• In many villages, Anganwadi and health centre in the village area are still not functioning.
  • Outsiders coming to village were asked to be quarantined in their homes or in other government buildings in the village.
  • In Tevni village in Seoni, seven migrants were kept in Anganwadi and food was prepared and provided to them by the Grampanchayat.
  • In some villages, MGNREGA work is available only for a person per family, so the income is limited.
  • WOTR staff are empowering villagers and training them on regular basis. Sewing machines have been provided in villages of Anuppur, Mandla, Damoh, Chhindwara.
  • Villagers need agriculture training to improve their agricultural yield.
  • Maintaining hygiene has become a part of daily routine. They wash their hands and clothes every time after returning home from outside.
  • Villagers with any symptoms of COVID-19, are taken to the nearest COVID-19 test centre or the GP calls the toll free number provided by government for the further action.
  • Villagers are advised to feed their kids and pregnant women with protein powder to boost their immunity. They are also asked to consume green vegetables and healthy diet.
  • Villagers are encouraged to develop kitchen garden for building nutrition security at home and to sell surplus vegetables in weekly market to earn additional income.


Participants at the workshop for the Anuppur region, Madhya Pradesh

In Odisha, WOTR conducted two workshops in Rayagada and Ganjam.

Important points discussed during these two sessions are as follows:

  • The regular use of facemasks, maintenance of physical distancing and personal hygiene can be seen.
  • ASHA worker Tarbani Sabar said, “We conducted awareness programmes with the support of WOTR’s Wasundhara Sevak and Sevika on the use of masks and maintaining physical distancing.”
  • Migrants have started going back to cities after not being able to find work.
  • Prakash Sabar VDC Secretary, shared that people were prone to get infected by COVID-19 virus at the huge gatherings such as water bodies, PDS shop, gram sabha etc.
  • Trinath Sabar of Kadasi village shared the practical difficulty in wearing masks by saying that people were finding it difficult to wear masks while working and at times feeling suffocated.
  • Villagers appreciated these workshops organised by WOTR and took up the responsibility to keep their village green and healthy even after the pandemic.
Participants at the workshop in Odisha

In Jharkhand, 72 people from 25 villages participated in the workshop.

Key points discussed are:

  • The prevailing status and spread of COVID-19 in the villages.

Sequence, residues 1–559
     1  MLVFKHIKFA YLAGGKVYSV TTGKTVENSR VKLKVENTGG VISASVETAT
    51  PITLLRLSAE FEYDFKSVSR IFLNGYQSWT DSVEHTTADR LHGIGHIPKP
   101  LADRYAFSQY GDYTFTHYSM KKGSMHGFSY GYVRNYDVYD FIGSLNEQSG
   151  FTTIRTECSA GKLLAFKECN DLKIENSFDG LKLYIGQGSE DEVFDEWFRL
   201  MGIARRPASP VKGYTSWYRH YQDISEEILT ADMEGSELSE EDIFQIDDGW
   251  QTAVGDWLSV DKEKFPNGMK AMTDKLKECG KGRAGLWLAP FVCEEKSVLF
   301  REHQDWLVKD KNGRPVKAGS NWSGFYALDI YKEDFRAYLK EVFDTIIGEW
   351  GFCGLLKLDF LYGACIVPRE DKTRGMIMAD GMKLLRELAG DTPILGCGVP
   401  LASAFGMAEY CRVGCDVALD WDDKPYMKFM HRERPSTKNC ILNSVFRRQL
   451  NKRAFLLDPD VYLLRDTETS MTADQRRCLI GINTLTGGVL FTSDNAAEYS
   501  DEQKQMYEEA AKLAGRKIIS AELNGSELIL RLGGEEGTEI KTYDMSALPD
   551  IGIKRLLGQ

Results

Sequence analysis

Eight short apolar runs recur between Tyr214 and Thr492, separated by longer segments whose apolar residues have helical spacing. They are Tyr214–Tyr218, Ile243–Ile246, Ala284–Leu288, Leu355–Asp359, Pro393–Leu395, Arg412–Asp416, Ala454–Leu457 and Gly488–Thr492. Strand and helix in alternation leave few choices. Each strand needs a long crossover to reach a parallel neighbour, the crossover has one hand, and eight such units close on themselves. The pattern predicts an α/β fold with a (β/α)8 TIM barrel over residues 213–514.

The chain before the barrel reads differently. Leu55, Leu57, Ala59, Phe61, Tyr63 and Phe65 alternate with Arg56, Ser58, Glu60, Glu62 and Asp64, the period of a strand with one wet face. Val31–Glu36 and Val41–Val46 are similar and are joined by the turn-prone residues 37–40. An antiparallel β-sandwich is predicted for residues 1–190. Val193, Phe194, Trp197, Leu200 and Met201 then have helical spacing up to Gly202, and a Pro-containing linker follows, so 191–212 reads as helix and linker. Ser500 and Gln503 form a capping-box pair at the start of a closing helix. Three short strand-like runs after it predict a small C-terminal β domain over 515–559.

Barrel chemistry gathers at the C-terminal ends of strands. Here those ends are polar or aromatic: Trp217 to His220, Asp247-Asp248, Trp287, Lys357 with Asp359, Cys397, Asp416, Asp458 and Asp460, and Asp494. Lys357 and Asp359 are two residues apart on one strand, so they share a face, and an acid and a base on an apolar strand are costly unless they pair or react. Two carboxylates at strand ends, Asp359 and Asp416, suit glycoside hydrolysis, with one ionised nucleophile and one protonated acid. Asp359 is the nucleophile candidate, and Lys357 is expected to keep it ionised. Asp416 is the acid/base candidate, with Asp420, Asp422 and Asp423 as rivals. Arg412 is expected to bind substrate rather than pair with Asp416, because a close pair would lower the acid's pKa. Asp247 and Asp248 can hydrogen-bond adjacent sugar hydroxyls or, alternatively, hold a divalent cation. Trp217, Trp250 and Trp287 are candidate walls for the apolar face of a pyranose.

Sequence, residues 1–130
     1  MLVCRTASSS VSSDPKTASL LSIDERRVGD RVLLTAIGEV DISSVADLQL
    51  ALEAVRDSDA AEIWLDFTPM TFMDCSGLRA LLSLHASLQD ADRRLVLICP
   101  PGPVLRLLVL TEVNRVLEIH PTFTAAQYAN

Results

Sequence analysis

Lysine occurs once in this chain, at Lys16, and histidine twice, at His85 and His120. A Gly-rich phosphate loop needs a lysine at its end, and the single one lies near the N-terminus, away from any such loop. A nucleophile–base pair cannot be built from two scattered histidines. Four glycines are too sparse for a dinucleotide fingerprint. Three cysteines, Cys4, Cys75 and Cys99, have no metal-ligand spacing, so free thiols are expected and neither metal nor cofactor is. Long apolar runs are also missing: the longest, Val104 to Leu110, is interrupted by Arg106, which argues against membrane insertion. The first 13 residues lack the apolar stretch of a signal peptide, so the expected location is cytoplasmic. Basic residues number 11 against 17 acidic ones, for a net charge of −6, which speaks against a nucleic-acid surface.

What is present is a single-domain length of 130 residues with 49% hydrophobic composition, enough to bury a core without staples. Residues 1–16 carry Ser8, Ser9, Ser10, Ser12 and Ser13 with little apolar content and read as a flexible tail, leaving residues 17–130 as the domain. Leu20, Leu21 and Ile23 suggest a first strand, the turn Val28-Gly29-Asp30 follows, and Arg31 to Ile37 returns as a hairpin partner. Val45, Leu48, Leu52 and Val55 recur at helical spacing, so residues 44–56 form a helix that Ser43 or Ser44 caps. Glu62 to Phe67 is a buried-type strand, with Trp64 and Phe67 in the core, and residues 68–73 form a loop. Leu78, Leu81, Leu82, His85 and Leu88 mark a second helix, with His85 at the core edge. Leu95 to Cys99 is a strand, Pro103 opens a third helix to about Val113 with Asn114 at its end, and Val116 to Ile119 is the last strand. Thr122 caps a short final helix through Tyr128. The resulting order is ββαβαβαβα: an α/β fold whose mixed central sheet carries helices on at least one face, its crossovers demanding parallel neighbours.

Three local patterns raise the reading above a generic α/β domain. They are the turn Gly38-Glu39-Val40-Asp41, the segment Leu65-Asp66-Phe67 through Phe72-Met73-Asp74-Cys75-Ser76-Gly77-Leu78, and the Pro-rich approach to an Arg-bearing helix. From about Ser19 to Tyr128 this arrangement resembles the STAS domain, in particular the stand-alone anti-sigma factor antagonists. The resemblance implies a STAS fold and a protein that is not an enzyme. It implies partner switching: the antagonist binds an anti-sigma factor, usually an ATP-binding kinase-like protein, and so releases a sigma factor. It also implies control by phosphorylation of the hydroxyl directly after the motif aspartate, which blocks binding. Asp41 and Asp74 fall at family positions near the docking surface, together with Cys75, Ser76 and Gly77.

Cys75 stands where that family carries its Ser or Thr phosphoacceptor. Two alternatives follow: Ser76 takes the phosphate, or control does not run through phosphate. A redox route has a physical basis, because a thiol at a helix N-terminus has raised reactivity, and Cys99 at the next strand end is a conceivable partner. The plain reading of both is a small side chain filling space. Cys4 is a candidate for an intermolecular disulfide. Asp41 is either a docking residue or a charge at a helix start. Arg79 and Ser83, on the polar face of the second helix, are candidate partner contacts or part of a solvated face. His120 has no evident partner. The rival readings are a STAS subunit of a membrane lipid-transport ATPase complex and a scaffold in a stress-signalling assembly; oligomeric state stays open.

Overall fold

• ‘How best can people protect themselves from the virus?’ was the question central to the discussion.
  • The facilities and aid extended by the government for the community.
  • Other major difficulties faced by farmers – such as inability of farmers to sell their agricultural produce in the market
Community members participating in the online workshop in Toner village, Jharkhand

In the workshop conducted, the following points were raised and discussed

Key points discussed are:

  • Watershed work in the form of farm bunding were carried out under WOTR’s project as well as under MGNREGA with strict monitoring and regulation by Gram Panchaya.
  • WOTR team under COVID-19 Relief Programme and Gram Panchayat provided essential kits and ration kits to the BPL families in Gaurang village.
  • Villagers are particular about maintaining personal hygiene and try to include nutritious diet. Women are encouraged to produce vegetables at household level and also to prepare protein supplement powder.
  • Other major difficulties faced by farmers – such as inability of farmers to sell their agricultural produce in the market
Participants in Dhandhuret village, Karauli in Rajasthan

In Rajasthan, the following are the important points discussed.

  • Villagers are taking precautions of COVID-19 and no patient of COVID-19 has been detected yet in the project villages in Rajasthan.
  • The construction of Pokhar (an earthen dam) and Pagara (a water retention wall) structures by WOTR and MGNREGA work provided employment opportunities during lockdown.

The exercise of interacting with villagers in the current COVID-19 pandemic this project has provided a number of insights into the work that needs to be done. People, though unsure about the long term impacts of the COVID-19 on their lives, have accepted the new way of life and try to maintain hygiene at household as well as village level. A lot to be done that will help them secure sustainable livelihoods in their own villages. At present many of returned migrant workers have returned again to cities for work or they would do so in the near future. WOTR through these workshops tried to reiterate the message ‘Your Safety is in Your Hands’ and WOTR would continue reaching out to these communities and to help them address the situation as best they can.